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Will the Real Mr. Green Please Stand Up?

ROMANCING The Life and Work of Henry Green by Jeremy Treglown; Random House: 332 pp., $26.95

CONCLUDING By Henry Green; Dalkey Archive: 214 pp., $11.95 paper

NOTHING By Henry Green; Dalkey Archive: 204 pp., $11.95 paper

SURVIVING The Uncollected Writings of Henry Green; Edited by Matthew Yorke; Viking: 302 pp., out of print

PACK MY BAG A Self-Portrait By Henry Green Introduction by Sebastian Yorke; New Directions: 242 pp., $18.95

April 29, 2001|MERLE RUBIN | Merle Rubin is a contributing writer to Book Review

Anyone who has ever distrusted the judgment of book reviewers will be intrigued by the story of one Richard Church, a British poet and novelist who wrote two reviews of the same book, giving opposite verdicts. In one journal, he "strongly recommended" the book and the author's previous works for their courage, originality and honesty. Two weeks later, reviewing the book for another journal, he berated the author for "infantilism." Asked to explain himself, Church claimed that both responses had been genuine: "I liked it and I didn't like it, and I had to say so."

The book in question was "Pack My Bag," a kind of premature autobiography by then-35-year-old Henry Green, who at the time (1940) had published only three novels--'Blindness" (1926), "Living" (1929) and "Party Going" (1939)--but who was strongly (and, as it turned out, wrongly) convinced that he would not survive World War II. Green did service as a firefighter during the Blitz and lived another 33 years, producing six more novels: "Caught" (1943), "Loving" (1945), "Back" (1946), "Concluding" (1948), "Nothing" (1950) and "Doting" (1952). His terse titles suggest a writer at once modestly self-effacing yet stylishly distinctive. Green's work generally received very favorable reviews from the critics, though there were always dissenting voices as well. Most important, perhaps, the readers who seemed most to appreciate his work were other writers.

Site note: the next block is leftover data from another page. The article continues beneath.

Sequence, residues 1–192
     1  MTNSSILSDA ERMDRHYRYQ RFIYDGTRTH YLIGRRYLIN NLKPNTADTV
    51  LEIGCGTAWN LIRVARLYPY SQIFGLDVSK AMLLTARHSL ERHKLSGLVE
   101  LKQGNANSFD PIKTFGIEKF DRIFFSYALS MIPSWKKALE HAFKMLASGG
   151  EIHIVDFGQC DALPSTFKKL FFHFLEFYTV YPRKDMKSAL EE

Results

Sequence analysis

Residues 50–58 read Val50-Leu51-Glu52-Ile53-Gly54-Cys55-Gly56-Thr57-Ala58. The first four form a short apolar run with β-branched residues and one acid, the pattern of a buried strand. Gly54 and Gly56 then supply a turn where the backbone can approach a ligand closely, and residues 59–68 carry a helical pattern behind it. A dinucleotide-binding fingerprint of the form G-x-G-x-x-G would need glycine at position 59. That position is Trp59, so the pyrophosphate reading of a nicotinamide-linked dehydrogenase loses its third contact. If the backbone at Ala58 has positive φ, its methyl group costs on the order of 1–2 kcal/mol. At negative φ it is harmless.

'[A] novelist of such rarity, such marvellous originality, intuition, sensuality and finish, that every fragment of his work is precious..." John Updike declared in his introduction to "Surviving," edited by Green's grandson, Matthew Yorke. "[T]he most interesting and vital imagination in English fiction in our time," thought Eudora Welty. "[T]he best writer of his time," concurred Rebecca West. Other fans included Anthony Burgess, Nathalie Sarraute, Terry Southern and W.H. Auden, certainly a diverse and distinguished crew. Yet of his immediate contemporaries Evelyn Waugh, Anthony Powell, Graham Greene and George Orwell, Green is still the least well known.

A shy, elusive English aristocrat who shunned publicity, Henry Green wrote under a pseudonym; his real name was Henry Yorke. In some respects, he led a double life. He published his first novel, "Blindness," while a student at Oxford. An imaginative story about a young man who loses his eyesight, it was an impressive debut. After leaving Oxford without a degree, he went to work, first in the factory, eventually as managing director, of his father's firm, Pontifex, which manufactured equipment for breweries and bathrooms. At the same time, he continued writing, publishing under the pseudonym in deference to his parents' dislike of publicity. Amusingly, his Oxford contemporary, the aesthete Harold Acton, pointed out one possible reason for his continuing low profile: "There are Greens of so many shades writing novels nowadays that one wishes he had selected another colour." But self-effacement was not only part of Green's makeup, it was central to his artistic strategy. If a single thread runs through all nine of his otherwise dissimilar novels, it is the author's desire to remove or conceal himself, so as not to come between the reader and the novel.

In his early writings, Green often left out articles like "the" and "a," as in this passage from "Living': "Two o'clock. Thousands came back from dinner along streets .... Thousands came back to factories they worked in from their dinners .... Hundreds went along road outside, men and girls. Some turned in to Dupret factory." In his final two novels, "Nothing" and "Doting," the stories are told almost entirely through dialogue, with almost no interposing narrative voice. "I think nothing of 'Nothing,"' sniffed Waugh, who had been an admirer of much of Green's earlier work. One can't help suspecting in this case, however, that the author of "Vile Bodies" might have been envious of how deftly, subtly and brilliantly "Nothing" skewers the vanity of aging "Bright Young Things" unwilling to cede the spotlight to their now-grownup children.

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